4.      Understanding enough about product provenance to make the ethical choice

Joanne Denney-Finch, from IGD, speaking at their annual convention went on to explain what the frustrations are.

What shoppers do not want to see as they grapple with budgets is tinkering around with a product to hit a price point. So reducing weights or quality is a no no.

They are not happy with offers which encourage multiple purchase such as 3 for the price of two, or two for a discounted price.

What they do want are straight price reductions, and more advance notice of offers to enable them to plan better. They would also like to be able to keep a running total of spend as they go round the store to avoid the shock that can often come when the final bill is presented at the checkout.

Shoppers also say that branded budget ranges would be welcome as an alternative to buying a retailer’s own brand.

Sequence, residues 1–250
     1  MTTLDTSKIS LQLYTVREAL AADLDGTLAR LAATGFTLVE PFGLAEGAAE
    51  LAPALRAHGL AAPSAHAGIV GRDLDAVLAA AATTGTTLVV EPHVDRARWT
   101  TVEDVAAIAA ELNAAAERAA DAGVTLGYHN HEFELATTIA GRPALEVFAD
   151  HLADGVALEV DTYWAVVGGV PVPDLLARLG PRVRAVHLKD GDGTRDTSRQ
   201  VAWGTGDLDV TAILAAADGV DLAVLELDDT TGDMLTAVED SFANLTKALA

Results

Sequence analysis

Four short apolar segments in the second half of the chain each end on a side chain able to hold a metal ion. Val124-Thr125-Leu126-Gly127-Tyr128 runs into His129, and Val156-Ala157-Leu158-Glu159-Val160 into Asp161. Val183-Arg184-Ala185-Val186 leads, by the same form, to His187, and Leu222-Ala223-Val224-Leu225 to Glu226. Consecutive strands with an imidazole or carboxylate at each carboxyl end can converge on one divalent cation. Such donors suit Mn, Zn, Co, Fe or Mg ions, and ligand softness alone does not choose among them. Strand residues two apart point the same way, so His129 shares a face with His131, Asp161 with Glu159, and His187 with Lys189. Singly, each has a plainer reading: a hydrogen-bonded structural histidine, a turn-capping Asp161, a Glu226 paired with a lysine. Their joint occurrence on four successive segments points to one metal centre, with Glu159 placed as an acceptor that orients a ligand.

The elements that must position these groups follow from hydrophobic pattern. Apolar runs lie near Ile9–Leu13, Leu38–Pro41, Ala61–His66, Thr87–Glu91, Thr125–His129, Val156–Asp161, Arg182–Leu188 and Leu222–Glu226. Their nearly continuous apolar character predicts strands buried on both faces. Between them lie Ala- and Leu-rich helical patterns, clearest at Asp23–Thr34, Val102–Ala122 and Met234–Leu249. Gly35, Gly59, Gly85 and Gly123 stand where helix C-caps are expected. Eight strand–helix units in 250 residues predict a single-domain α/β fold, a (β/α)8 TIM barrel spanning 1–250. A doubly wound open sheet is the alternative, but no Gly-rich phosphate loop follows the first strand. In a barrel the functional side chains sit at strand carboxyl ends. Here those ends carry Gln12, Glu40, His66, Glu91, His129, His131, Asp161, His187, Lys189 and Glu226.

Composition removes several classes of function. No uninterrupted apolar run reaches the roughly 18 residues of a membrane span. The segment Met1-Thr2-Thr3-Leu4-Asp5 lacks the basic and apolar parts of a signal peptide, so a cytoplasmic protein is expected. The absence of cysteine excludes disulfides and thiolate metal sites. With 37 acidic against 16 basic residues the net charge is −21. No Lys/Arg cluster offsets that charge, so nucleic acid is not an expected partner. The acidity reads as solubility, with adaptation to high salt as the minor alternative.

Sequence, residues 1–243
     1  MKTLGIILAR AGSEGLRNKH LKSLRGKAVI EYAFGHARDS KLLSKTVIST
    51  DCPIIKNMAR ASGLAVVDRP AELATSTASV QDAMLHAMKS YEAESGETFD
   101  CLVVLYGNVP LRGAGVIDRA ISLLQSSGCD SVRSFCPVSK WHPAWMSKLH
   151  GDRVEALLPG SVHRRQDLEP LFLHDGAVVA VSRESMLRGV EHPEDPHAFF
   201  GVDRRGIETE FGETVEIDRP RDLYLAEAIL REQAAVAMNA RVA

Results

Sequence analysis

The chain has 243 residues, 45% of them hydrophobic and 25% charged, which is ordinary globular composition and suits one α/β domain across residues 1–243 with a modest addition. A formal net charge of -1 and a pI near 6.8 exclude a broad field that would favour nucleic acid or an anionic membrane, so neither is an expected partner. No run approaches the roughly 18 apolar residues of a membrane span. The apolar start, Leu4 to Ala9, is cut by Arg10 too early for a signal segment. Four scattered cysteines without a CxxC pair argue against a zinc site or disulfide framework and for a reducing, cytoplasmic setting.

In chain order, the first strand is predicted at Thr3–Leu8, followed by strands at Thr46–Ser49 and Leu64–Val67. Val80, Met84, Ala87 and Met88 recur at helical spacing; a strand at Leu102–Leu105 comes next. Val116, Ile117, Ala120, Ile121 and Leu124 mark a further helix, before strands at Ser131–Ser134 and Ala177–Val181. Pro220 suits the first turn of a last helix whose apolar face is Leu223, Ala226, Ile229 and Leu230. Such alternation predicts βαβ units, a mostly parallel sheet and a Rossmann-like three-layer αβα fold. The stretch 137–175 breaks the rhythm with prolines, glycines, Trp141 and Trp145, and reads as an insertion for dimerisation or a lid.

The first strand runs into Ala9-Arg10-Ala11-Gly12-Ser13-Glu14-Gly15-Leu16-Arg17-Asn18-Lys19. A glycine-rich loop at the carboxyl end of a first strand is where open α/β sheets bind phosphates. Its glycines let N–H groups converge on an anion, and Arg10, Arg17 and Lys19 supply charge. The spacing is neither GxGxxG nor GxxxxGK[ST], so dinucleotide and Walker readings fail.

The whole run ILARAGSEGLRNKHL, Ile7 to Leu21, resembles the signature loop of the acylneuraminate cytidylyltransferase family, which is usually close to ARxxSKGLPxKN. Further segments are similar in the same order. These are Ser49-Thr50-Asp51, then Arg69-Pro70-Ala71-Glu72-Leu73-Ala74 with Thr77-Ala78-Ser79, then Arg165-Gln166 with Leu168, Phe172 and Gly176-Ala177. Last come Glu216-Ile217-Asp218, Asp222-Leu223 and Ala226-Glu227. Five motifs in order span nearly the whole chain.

On the subject of waste, shoppers would like to see re-sealable packs, and a longer shelf life on products, as well as a reduction in the number of multi buy offers which they feel encourage over-purchase and often result in product being thrown away.

Food shopping remains a harassing experience for most, with crowds and a bewildering choice being the main sources of angst. This should point to an opportunity for online shopping but it seems that a half of all online shoppers have stopped buying this way, with a third of those finding the whole experience too tedious.